The Black Scorpion
After 1953's The Beast From 20,000 Fathoms kicked off the Giant Carnivorous Critter craze, it wasn't long before giganormous octopi, gila monsters, spiders, caterpillars, grasshoppers, praying mantises, and other beasties gulped down unlucky bystanders and toppled toy trucks with apocalyptic abandon. Modern fans of the subgenre rank its numerous entries on strict scales of quality and entertainment value. The title on hand here is not regarded as the Citizen Kane of the bunch, or even the Krush Groove. It does, though, possess one element of historical-technical interest to special-effects enthusiasts.
1957's The Black Scorpion is a white-label knockoff of Them! that replaces giant ants with immense salivating, roaring (!) scorpions. Volcanic eruptions in Mexico release this swarm of subterranean terrors, freeing them to stalk the countryside snacking on cattle and humans as they go. The usual central-casting quota of Handsome Scientist, Pretty Girl, Unhandsome Scientist, Very Annoying Child, and Ineffectual Military Personnel lead us to a climactic showdown with the title arachnid (apparently the "Who's Your Daddy?" of the horde) in a Mexico City bullfight stadium. But not before a telephone lineman meets his icky-grisly demise, a toy train filled with passengers gets soundly derailed, military helicopters are pulled from their wires, and spacesuited humans descend into the creatures' cavernous lair. Horror movie aficionados will recognize "Dr. Hank Scott" as Richard Denning (The Creature From the Black Lagoon).
The Black Scorpion is a drive-in programmer that's run-of-the-mill even by period B-flick standards. What makes it noteworthy is this the monsters were stop-motion animated by Willis O'Brien, the special-effects master whose King Kong in 1933 set the standard for all subsequent model animation. So they're more interesting than the average man-in-a-rubber-suit hokum. A repeated close-up of a slavering, bellowing scorpion "face" looks more like early Roger Corman, thus providing a convenient compare-contrast between the two monster-making approaches.
All the same, The Black Scorpion is as cheap-looking as they come, and the scorpions manifest no personality (although scorpions are inherently creepy-looking even at normal size), so it's a bit disheartening to see how the man who gave us Kong 24 years before (not to mention The Lost World eight years before that) was getting by in his later years. Fortunately, he had already passed his torch to his protégé Ray Harryhausen, whose more memorable 20 Million Miles to Earth also premiered in '57. Except for O'Brien completists, we recommend the Mystery Science Theater 3000 version.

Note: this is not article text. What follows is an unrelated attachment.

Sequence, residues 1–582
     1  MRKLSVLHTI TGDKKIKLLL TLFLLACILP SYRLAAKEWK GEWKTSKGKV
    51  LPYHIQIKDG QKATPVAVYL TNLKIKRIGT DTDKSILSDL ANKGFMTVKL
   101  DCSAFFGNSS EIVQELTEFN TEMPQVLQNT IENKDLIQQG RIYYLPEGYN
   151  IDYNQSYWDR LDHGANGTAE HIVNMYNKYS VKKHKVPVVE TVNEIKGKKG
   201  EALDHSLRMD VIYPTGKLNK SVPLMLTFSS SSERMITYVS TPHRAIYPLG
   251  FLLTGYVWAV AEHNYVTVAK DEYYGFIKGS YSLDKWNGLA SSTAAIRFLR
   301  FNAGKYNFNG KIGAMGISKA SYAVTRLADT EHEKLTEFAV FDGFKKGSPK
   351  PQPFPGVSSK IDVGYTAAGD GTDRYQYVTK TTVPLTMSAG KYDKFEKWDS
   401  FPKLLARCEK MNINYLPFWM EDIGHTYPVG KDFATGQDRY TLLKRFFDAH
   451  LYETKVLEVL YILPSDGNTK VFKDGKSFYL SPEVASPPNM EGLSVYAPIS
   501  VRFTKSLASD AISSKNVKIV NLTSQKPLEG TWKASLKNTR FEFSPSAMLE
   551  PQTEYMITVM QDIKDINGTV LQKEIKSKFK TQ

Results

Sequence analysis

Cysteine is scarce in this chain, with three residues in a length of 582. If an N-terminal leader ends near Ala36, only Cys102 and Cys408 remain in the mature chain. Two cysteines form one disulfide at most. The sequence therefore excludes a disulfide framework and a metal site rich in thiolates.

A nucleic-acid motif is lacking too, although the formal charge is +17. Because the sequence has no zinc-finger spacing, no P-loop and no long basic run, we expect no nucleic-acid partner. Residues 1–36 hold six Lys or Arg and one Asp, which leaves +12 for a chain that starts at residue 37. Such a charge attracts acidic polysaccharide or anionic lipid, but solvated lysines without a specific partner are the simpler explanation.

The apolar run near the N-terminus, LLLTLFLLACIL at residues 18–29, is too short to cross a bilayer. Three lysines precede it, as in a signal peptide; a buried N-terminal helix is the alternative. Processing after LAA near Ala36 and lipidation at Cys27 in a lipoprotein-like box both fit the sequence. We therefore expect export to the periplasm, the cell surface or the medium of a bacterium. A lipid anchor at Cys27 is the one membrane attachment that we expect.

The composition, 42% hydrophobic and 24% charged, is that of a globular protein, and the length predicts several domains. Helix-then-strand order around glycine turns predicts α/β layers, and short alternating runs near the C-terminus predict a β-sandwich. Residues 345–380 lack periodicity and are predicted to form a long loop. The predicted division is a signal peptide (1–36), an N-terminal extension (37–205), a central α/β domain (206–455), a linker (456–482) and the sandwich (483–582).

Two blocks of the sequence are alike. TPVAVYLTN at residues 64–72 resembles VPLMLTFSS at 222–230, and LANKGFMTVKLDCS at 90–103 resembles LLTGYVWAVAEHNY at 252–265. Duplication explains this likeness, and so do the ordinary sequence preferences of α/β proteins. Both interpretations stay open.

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Warner Brothers understands that a good DVD edition of a bottom-shelf cataloguer like The Black Scorpion can be an item worth our attention if it delivers two things: (1) a good, solid print that shows some grain but is clear and reasonably clean with only minor wear plus good DD 1.0 audio (check!); (2) a cool collection of extras for students of stop-motion arcana (check! again).
The Black Scorpion arrives with a trio of new (2003) well-made mini-featurettes designed for those whose interest in the main feature goes beyond the MST3K level. In the first, Stop-Motion Masters (3 mins.), Ray Harryhausen tells us about the life-altering influence King Kong had on him and how it led to his introduction, via a classmate, to Willis O'Brien, who invited the young animator-to-be to his studio at MGM. Eventually Harryhausen's "dream come true" arrived when O'Brien hired him to assist on Mighty Joe Young.
In The Animal World (11½ mins.), Harryhausen introduces a clip from a 1956 documentary by Irwin Allen, who hired O'Brien and Harryhausen to create the dinosaur-filled "Prehistoric Sequence." Assorted dinos forage, hatch, attack, and grapple to the death before fiery geological cataclysms doom them to extinction. Shot under a restrictive budget, the tabletop model work is crude even for the O'Brien-Harryhausen oeuvre of the time, but this clip is still a fascinating archival piece. The color footage is very well preserved and sports fine DD 2.0 audio.
Thirdly, one of O'Brien's other assistants gets some attention with Las Vegas Monster and Beetlemen Test Footage (4½ mins.). These stop-motion trials from the 1950s were posthumously discovered in a trunk and salvaged by some of Hollywood's renowned animators. The "Las Vegas Monster" is described in a text intro as a baboon mutated after being used in an experimental rocket launch. Kong-sized and sporting a pair of weird facial appendages, it attacks what seems to be a farmhouse before turning its malevolent attention to a truck. "The Beetlemen" is only 40 seconds long and in poor shape, but its view of astronauts mutated into spindly insect-like creatures makes for a surreal sight. Both clips are enhanced with effective musical scoring.